Seems to me that religion is about authority and that religionists think we accept theories because they come from the "gods" of science simply because they themselves accept the authority of the Bible--as interpreted by the latest megapreacher.  With the spread of fundamentalist/evangelical Christianity and its insistence on Biblical literalism, we are being dragged backward toward 17th century theocracy.  We have Congress men and women who think that climate change is a hoax because it contradicts (in their fuzzy brains, anyway), the Bible.  One said last week that Noah's flood was an example of climate change that showed that humankind cannot control or influence global climate.  Apparently he has forgotten that Noah's flood reduced world population to just eight individuals.  I guess that makes climate change perfectly all right.

The paper looks very interesting, but this is a complex field and well beyond my capabilities these days, however a few comments anyway.

The Big Bang theory was strongly supported by the discovery of cosmic background radiation independently of the theory. It has been around for a long time now as the leading cosmological model, but there have always been others— just  not as interesting once it appeared the Big Bang was the most likely model.

However the discovery in the 1990's that the rate of expansion of the universe was apparently accelerating caused difficulties with the Big Bang and required ad hoc explanations—namely dark energy—that some cosmologists found hard to swallow.

In Shu's models—and his mathematics allows three different kinds— neither the speed of light nor the gravitational constant are in fact constant—they vary as the universe expands or contracts. His mathematics explains the apparent increasing acceleration of the expansion without the necessity of so-called dark energy and fit experimental data quite closely. Time is infinite.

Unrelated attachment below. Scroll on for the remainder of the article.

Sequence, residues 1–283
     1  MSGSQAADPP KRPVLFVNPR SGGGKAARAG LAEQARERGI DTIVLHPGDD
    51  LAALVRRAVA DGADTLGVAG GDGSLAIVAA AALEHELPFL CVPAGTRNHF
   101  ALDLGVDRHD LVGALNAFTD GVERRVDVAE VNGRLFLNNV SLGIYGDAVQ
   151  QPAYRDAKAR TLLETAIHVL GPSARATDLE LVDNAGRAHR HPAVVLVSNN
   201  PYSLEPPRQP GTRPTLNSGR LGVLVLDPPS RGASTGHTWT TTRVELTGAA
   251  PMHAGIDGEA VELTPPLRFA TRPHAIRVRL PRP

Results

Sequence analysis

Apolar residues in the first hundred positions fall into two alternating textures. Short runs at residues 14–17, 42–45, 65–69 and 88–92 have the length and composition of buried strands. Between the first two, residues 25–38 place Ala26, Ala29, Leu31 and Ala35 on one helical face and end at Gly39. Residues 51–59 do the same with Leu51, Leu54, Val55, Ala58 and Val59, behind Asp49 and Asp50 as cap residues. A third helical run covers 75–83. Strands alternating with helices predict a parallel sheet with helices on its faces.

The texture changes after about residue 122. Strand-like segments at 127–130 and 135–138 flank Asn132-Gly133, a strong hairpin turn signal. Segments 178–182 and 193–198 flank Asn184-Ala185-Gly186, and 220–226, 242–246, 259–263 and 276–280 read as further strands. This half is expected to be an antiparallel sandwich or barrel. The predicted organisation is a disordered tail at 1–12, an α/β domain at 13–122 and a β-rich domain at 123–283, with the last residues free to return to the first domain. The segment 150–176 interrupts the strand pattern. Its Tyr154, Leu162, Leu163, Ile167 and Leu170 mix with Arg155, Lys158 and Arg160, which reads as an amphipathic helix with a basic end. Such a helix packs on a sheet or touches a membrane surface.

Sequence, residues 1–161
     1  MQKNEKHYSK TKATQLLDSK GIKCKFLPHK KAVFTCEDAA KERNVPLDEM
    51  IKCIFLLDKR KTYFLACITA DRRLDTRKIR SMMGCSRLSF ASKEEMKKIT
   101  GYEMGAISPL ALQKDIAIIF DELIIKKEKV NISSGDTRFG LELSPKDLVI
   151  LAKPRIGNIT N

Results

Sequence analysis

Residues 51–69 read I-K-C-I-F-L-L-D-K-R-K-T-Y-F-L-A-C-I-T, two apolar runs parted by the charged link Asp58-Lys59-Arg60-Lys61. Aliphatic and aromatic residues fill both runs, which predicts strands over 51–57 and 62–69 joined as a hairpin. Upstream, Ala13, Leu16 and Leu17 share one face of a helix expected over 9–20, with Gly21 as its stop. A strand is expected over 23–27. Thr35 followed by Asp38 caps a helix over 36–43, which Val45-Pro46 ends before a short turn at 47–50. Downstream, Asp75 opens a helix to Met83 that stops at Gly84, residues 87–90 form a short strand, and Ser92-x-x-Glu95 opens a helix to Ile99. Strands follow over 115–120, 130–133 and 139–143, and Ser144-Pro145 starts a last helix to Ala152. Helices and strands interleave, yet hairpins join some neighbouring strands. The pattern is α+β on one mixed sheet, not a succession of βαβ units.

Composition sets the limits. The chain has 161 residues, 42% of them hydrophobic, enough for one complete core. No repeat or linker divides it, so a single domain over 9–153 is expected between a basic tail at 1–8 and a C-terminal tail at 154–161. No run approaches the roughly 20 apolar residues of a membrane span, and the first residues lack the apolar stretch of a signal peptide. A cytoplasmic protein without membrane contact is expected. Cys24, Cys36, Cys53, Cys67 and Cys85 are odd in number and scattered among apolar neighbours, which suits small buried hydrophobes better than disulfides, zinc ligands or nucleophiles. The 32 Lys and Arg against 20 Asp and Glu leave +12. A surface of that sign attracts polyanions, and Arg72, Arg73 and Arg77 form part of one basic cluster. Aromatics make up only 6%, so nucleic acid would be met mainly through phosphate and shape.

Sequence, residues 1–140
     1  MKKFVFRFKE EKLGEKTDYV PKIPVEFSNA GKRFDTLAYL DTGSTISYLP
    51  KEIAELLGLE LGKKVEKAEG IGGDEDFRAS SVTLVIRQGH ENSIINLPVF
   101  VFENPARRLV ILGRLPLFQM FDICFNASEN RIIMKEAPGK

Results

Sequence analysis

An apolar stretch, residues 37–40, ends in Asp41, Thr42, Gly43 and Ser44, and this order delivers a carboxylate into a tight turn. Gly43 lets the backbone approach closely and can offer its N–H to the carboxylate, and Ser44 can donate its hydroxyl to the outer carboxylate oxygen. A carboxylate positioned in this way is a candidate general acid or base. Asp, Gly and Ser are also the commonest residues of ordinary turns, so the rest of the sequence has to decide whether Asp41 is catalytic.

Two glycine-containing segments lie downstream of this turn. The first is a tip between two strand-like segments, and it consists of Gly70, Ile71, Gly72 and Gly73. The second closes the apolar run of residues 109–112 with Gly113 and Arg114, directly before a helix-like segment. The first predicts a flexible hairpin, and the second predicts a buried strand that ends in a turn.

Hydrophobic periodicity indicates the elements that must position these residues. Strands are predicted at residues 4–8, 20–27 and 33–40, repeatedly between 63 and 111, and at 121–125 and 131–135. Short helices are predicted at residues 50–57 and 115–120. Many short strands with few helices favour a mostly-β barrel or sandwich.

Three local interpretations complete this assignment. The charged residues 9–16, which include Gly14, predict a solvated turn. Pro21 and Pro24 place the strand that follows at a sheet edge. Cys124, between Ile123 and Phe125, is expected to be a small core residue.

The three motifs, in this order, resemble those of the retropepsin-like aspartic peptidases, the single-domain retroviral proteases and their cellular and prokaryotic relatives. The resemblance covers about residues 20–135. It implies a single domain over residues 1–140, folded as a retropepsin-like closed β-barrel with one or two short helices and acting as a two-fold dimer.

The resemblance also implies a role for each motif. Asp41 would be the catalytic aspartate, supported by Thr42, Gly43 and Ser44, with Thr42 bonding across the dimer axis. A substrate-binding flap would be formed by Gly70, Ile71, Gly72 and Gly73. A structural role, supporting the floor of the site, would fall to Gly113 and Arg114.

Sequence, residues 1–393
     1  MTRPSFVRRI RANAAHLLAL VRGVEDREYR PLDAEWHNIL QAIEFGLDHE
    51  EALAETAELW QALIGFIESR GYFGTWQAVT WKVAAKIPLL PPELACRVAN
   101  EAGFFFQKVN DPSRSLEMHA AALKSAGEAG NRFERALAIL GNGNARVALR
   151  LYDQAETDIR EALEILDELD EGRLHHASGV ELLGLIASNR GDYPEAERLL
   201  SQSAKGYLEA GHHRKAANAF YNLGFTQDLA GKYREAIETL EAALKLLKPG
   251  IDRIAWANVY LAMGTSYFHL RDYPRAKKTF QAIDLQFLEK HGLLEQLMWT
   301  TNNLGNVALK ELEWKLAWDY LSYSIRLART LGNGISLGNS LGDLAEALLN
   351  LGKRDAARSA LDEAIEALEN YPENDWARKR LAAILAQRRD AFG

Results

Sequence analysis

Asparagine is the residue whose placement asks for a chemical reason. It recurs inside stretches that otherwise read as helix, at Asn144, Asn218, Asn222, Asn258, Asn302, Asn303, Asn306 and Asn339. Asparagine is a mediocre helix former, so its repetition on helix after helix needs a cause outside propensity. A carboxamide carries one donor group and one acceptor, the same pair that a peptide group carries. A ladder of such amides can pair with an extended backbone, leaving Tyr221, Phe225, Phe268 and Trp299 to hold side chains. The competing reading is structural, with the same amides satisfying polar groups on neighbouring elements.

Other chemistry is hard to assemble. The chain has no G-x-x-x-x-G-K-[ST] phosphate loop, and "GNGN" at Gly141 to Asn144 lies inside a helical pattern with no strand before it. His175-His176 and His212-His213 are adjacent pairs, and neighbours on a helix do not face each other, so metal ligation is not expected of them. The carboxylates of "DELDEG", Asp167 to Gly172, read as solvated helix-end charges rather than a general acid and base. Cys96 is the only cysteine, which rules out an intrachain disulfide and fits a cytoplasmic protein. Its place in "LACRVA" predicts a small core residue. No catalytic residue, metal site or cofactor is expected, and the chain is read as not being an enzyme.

Shu's paper appears straightforward and elegant, so it may indeed be right, but it will be hard for the experts to abandon the Big Bang and its possible that Shu's model may not be able to account for other observable phenomena—in particular the cosmic background radiation which has been the principal support of the Big Bang theory.

Allan, my capabilities are less than yours and so I appreciate your clear summary of the situation.

... as the Universe expands, mass and time are converted to length and space and vice versa as it contracts.

... singularities cannot exist in this cosmos.

... his data exactly matches the observations that astronomers have made on Earth.

[emphasis mine]

Huh? This bends my head too much. It's certainly challenging.

Mass converting to length? So does inertia change into distance between points? I can't imagine all of the mass frittering away over time into "empty" space stretching, while "duration of time" is itself converting to space stretching too. So at apogee of expansion there's no time and no mass, but then how would you define space or length?